When attempting to describe the singing style of Antony, the creative force behind Antony and the Johnsons, the instinct is to throw out a smattering of comparisons. Nina Simone meets Boy George. Devendra Banhart meets Joss Stone. But none of these pairings do justice to the intensely individual sound Antony has developed over fifteen years of late-night performances in New York cabarets.
Putting in his time behind a piano, backed by a rotating cast of musicians in his six-piece band, Antony has found a voice that expresses what it feels like to be trapped in that gray area between misery and rage. He has also found fans with names that have their own stunning vocal reputations: Lou Reed, Rufus Wainwright, even Banhart and Boy George themselves. Having collaborated or toured with each of these musicians in recent years, Antony welcomes them all as guests on his second full-length, I Am a Bird Now.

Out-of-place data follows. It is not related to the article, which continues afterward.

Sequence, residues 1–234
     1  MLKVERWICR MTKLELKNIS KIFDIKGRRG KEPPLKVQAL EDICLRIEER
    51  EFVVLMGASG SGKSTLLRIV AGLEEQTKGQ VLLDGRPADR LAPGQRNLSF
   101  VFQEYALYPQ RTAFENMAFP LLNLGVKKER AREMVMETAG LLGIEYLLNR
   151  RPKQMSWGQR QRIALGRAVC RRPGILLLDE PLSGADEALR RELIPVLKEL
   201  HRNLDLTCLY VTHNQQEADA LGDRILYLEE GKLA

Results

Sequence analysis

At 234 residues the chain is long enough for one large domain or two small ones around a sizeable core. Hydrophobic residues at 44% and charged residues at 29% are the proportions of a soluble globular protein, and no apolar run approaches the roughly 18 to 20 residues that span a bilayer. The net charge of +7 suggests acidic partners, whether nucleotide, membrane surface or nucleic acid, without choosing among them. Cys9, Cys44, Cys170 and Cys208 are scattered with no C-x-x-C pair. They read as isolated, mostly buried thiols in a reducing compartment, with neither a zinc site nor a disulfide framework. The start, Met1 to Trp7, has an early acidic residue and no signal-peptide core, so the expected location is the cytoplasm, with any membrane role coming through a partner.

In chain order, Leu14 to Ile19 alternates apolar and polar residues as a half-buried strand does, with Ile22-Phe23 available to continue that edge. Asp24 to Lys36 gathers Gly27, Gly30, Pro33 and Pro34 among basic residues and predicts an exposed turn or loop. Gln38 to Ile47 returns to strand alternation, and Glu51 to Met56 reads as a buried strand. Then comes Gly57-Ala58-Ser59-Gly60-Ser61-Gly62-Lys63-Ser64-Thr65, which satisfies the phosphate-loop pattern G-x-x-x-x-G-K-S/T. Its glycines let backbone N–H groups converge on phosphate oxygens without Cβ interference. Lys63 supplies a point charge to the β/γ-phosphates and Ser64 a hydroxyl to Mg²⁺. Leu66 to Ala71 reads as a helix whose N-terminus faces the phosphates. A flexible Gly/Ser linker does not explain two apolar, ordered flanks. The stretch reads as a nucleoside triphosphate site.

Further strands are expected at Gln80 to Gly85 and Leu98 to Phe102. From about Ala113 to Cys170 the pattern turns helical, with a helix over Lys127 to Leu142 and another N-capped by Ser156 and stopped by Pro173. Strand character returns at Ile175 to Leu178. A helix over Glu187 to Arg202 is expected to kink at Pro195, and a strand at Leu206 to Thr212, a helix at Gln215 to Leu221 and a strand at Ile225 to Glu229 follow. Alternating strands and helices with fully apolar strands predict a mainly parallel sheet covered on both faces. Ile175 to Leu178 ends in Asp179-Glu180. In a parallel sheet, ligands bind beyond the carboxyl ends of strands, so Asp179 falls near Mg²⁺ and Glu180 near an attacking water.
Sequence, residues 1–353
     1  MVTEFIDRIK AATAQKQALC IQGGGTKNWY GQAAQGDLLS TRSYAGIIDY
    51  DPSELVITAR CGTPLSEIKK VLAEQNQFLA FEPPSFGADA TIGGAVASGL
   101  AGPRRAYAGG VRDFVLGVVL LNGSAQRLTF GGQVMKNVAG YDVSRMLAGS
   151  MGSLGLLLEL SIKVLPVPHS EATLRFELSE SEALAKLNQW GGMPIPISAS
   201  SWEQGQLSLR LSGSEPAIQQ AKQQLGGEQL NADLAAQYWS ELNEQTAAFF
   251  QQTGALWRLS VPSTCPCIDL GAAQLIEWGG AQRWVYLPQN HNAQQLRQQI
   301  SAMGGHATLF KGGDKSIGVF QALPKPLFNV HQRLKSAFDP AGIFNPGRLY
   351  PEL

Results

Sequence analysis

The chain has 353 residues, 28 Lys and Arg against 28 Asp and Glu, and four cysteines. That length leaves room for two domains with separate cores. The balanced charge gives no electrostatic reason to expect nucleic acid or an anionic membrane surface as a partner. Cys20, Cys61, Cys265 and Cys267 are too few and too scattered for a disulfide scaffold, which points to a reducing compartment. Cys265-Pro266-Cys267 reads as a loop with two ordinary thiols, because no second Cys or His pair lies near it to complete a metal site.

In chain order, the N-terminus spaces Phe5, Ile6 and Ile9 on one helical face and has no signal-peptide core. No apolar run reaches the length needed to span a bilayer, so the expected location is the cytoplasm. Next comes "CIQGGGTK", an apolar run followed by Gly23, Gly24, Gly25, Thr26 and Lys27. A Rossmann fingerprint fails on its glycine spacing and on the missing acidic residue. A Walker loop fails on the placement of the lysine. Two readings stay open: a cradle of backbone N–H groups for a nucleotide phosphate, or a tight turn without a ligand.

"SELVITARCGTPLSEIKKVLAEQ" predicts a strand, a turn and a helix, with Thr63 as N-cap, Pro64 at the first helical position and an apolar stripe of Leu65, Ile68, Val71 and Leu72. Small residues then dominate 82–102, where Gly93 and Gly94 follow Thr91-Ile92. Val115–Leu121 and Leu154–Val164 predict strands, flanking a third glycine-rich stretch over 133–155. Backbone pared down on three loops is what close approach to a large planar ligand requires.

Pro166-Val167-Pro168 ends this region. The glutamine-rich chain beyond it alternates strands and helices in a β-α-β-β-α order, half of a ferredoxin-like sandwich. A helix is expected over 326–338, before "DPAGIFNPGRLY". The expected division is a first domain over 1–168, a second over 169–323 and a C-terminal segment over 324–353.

Antony, who was born in England and lived in northern California before heading east for the city where he would receive a grant for performance art at the end of his teens, has much more to say than "Baby, why don't you love me anymore?" Unlike most of the "singer/songwriters" currently being forced on the general public by major labels, the questions Antony raises in his music present an understanding of the universal aspects of the trials that inform his songs. The thirty-five-minute album's ten tracks are captivating expressions of love, gender and identity's various forms. There is much to identify with, even in the album's climactic "Fistful of Love," which describes what happens when devotion is overturned and violence is found.
The best sad songs sound good even on a sunny day, because the combination of vocal and instrumental melodies -- in this album's case, a dazzling combination of guitar, strings and woodwinds -- inform the listener on much more than just a lyrical litany of pain. Quality songwriting sweeps the listener up in a whirlwind of emotions that hold sadness at the center, and then it gently sets them back down so they can apply what they've heard to their own lives. Hopefully, the attention focused on I Am a Bird Now will provide a foundation for more albums depicting strength in adversity.
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